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To expect to use a pen to mark my ballot in elections?

(24 Posts)
Waitrosesaysimessential Sun 08-May-16 14:29:00

I voted on Thursday and only pencils were provided, secured by string. I am in Scotland. I have voted in other countries but always had a pen. Surely there is a risk of my X being erased? Is this the norm? Thanks

WordGetsAround Sun 08-May-16 14:30:44

Normal in 20 years of voting here.

LunaLoveg00d Sun 08-May-16 14:31:07

Yes it's the norm. The poll clerk's "kit" even comes with a sharpener.

This is the system which has been used for decades and I have yet to hear of a ruthless gang breaking into ballot boxes in the full view of polling staff and stealthily rubbing out crosses.


Doodlekitty Sun 08-May-16 14:31:28

Always been pencils where I vote (in England)

OddBoots Sun 08-May-16 14:32:20

Press hard, you can't rub out a hard pencil mark. Or if you bring your own pen you are allowed to use it.

AnotherCiderPlease Sun 08-May-16 14:33:08

Thought it was pencil because pens which are stored for a long time run the risk of not working.

Also, noone is left alone with the marked ballots, so no chance of them being changed at that point. Electoral fraud happens BEFORE the ballot is marked.

marmaladegranny Sun 08-May-16 14:33:19

However, if you have a postal vote you are permitted to vote in black ink!!!

ThroughThickAndThin01 Sun 08-May-16 14:33:37

Always been pencils for me in England.

HarrietVane99 Sun 08-May-16 14:33:46

I'm in England and it's always been pencils here. Once you've posted your ballot paper in the box, no-one else has access to it until the count, which is carried out under strictly controlled conditions. If you made your mark firmly, it would be fairly obvious if it had been altered.

fuzzywuzzy Sun 08-May-16 14:34:01

To be fair I also thought the same OP.
Was pencils where I am too.

ThroughThickAndThin01 Sun 08-May-16 14:34:45

Although if we are allowed to use our own pen I might start doing that <suspicious>

FlowerOfTheWest Sun 08-May-16 14:35:21

YABU, it's totally normal to use a pencil. They are not going to run out of ink at the crucial moment like a pen might.

blankpieceofpaper Sun 08-May-16 14:36:46

It is probably more of a concern how easy it is to vote as someone else!

limitedperiodonly Sun 08-May-16 14:37:47

It's tradition, like pens on bobbly chains in banks. I'm not sure I'll ever get over Argos scrapping those miniature biros and pads for touch screens sad.

MovingOnUpMovingOnOut Sun 08-May-16 14:38:01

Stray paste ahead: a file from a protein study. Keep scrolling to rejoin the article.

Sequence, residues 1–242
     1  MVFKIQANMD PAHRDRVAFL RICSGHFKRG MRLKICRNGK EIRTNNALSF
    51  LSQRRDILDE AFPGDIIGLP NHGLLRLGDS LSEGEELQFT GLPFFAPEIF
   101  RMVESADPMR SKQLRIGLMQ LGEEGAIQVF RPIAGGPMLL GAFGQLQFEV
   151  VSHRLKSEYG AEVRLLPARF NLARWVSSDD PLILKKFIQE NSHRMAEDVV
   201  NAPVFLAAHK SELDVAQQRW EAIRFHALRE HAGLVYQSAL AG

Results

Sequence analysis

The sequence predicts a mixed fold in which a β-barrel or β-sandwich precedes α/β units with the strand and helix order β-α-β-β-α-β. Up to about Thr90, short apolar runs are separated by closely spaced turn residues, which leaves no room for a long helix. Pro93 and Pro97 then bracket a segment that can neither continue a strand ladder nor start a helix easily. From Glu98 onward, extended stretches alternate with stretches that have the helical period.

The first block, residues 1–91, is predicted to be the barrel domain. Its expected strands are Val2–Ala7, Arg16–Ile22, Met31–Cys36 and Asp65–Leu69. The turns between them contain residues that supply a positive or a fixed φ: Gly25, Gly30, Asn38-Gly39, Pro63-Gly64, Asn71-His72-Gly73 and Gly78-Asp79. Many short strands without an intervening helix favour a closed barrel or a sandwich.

Always pencils and always tethered with a bit of string.

Clearly pilfering is a problem grin

limitedperiodonly Sun 08-May-16 14:40:44

I have a stash of mini pencils pilfered from Ikea. I haven't been for ages. Have they cracked down on people like me?

raviolidreaming Sun 08-May-16 14:43:12

Yep, it's always been pencils - although my Facebook was full of pencil-related conspiracy theories after the referendum.

SavoyCabbage Sun 08-May-16 14:43:46

They have Limited. There is a place at the tills to deposit your IKEA pencil now!

Waitrosesaysimessential Sun 08-May-16 15:02:04

Fair enough! Just always used pens in the two other countries I have voted in. Yes I was also surprised that I did not have to show ID. And even more surprised that someone who no longer lives at my address is still living there according to the register smile it is ok, the lady said he will be able to vote at his new address' local polling station too. That was a relief ;) like they used to say, vote early and often

ForalltheSaints Sun 08-May-16 16:14:32

I'd prefer to be able to vote by an electronic method, but it won't happen I expect.

YouAndMeAreGoingToFallOut Sun 08-May-16 16:17:24

The logic behind pencils is that:

A) they are cheaper than pens
B) they are more reliable than pens (even in a brand new box of biros, a couple usually don't work properly. Pencils basically always work, especially when all you need to do with them is make a basic mark.
C) they are less likely to be stolen than pens (seriously, people pinch even quite crap pens)
D) we've always used pencils so that's Just How It Is.

However, I can tell you with 100% certainty that there is nothing in electoral legislation that mandates the use of pencils, or that requires you to use one. I know, I've checked.

You can take your own pen into the polling booth if you like. You can use a lipstick or an eyeliner if you like. You can do whatever you want. However, in next year's Scottish Council elections you'd be advised not to use a highlighter pen, because they count the votes electronically and the machines can't read highlighter pen, so it's a bollocks for the count staff.

I used to have to know all this shit for my old job, which is why this answer is so long!

Scholes34 Sun 08-May-16 17:14:05

I can assure the OP that the rubber thimblette I used when counting ballot papers didn't do anything to erase the mark.

limitedperiodonly Sun 08-May-16 17:39:04

That seems mean savoy. My dad used to do a lot of DIY and you weren't allowed to use his pencils. He'd use them until they were about an inch long and he couldn't hold them any more. He wouldn't use a pencil sharpener, he'd use a penknife. I think that made him feel more manly grin

Thimblette? Is that what they're called Scholes34? We've got loads of those too. DH pinched them from his last employer which was 17 years ago. It's amazing. You'd think the rubber would have perished by now. I hope you got to keep yours as a souvenir of your civic duty.

specialsubject Sun 08-May-16 17:46:23

No one suggests that the UK is perfect or corruption free, but no one is going over the ballot papers with an eraser !

Electoral fraud involves impersonation or stopping others from voting, or cock ups such as in Barnet. There is no conspiracy

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